Association between early outpatient visits and readmissions after ischemic stroke

Samuel W. Terman*, Mathew J. Reeves, Lesli E. Skolarus, James F. Burke

*Corresponding author for this work

Research output: Contribution to journalArticlepeer-review

24 Scopus citations


Background: Reducing hospital readmission is an important goal to optimize poststroke care and reduce costs. Early outpatient follow-up may represent one important strategy to reduce readmissions. We examined the association between time to first outpatient contact and readmission to inform postdischarge transitions. Methods and Results: We performed a retrospective cohort study of all Medicare fee-for-service patients discharged home after an acute ischemic stroke in 2012 identified by the InternationalClassification of Diseases, Ninth Revision, Clinical Modification codes. Our primary predictor variable was whether patients had a primary care or neurology visit within 30 days of discharge. Our primary outcome variable was all-cause 30-day hospital readmission. We used separate multivariable Cox models with primary care and neurology visits specified as time-dependent covariates, adjusted for numerous patient- and systems-level factors. The cohort included 78 345 patients. Sixty-one percent and 16% of patients, respectively, had a primary care and neurology visit within 30 days of discharge. Visits occurred a median (interquartile range) 7 (4-13) and 15 (5-22) days after discharge for primary care and neurology, respectively. Thirty-day readmission occurred in 9.4% of patients. Readmissions occurred a median 14 (interquartile range, 7-21) days after discharge. Patients who had a primary care visit within 30 days of discharge had a slightly lower adjusted hazard of readmission than those who did not (hazard ratio, 0.98; 95% confidence interval, 0.97-0.98). The association was nearly identical for 30-day neurology visits (hazard ratio, 0.98; 95% confidence interval, 0.97-0.98). Conclusions: Thirty-day outpatient follow-up was associated with a small reduction in hospital readmission among elderly patients with stroke discharged home. Further work should assess how outpatient care may be improved to further reduce readmissions.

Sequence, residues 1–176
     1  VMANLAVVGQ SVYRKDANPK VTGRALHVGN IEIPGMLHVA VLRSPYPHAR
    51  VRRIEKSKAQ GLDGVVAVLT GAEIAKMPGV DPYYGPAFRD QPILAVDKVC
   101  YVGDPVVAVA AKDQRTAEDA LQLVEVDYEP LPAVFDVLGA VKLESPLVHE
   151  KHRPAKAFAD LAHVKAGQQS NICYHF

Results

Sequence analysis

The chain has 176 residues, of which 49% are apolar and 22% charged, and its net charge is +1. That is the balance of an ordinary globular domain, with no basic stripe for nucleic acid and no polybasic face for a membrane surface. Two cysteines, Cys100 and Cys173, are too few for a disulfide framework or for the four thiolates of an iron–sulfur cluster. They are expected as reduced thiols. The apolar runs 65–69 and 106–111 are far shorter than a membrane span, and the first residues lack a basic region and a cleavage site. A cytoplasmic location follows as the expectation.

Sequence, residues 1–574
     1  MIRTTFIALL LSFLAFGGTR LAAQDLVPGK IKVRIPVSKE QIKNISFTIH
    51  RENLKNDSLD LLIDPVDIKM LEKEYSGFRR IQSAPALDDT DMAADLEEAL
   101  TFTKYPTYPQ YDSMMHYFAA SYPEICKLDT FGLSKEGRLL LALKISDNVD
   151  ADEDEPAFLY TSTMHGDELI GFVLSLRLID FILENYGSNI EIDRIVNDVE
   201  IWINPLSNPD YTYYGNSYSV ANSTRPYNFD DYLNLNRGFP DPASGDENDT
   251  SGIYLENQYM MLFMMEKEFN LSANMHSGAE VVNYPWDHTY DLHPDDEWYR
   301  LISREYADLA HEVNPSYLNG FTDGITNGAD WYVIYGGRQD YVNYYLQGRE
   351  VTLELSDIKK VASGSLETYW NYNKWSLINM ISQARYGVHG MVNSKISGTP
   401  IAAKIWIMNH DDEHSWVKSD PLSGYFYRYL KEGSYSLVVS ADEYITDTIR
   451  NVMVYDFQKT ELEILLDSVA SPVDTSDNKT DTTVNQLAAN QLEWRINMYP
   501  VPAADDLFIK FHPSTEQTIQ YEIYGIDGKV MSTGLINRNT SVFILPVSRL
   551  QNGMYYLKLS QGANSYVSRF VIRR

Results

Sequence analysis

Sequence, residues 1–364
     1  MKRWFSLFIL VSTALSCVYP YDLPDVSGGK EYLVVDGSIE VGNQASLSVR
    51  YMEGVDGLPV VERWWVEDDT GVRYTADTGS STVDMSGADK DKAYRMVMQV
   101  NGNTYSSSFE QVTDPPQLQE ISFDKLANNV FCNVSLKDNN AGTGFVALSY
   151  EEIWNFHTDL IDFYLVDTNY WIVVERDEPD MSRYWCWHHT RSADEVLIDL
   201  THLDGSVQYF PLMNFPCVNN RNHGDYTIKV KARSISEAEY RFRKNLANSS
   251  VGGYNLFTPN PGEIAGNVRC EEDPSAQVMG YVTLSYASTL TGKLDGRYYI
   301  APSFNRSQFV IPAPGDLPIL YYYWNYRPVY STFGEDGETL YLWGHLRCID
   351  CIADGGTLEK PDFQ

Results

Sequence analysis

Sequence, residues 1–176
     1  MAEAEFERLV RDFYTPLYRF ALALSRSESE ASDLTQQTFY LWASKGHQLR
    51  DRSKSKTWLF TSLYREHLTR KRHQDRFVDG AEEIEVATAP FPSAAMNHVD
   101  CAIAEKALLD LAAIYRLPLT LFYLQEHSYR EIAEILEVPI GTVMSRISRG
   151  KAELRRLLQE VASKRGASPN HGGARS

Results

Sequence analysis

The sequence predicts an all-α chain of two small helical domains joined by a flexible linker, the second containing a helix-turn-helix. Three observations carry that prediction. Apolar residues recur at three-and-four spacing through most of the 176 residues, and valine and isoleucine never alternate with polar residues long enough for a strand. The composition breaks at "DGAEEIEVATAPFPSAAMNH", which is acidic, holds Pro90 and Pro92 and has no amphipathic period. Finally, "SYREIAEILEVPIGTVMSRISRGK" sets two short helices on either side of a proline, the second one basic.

Original languageEnglish (US)
Article numbere004024
JournalCirculation: Cardiovascular Quality and Outcomes
Issue number4
StatePublished - Apr 1 2018


  • aged
  • confidence intervals
  • humans
  • outcome and process assessment (health care)
  • primary health care

ASJC Scopus subject areas

  • Cardiology and Cardiovascular Medicine


Dive into the research topics of 'Association between early outpatient visits and readmissions after ischemic stroke'. Together they form a unique fingerprint.

Cite this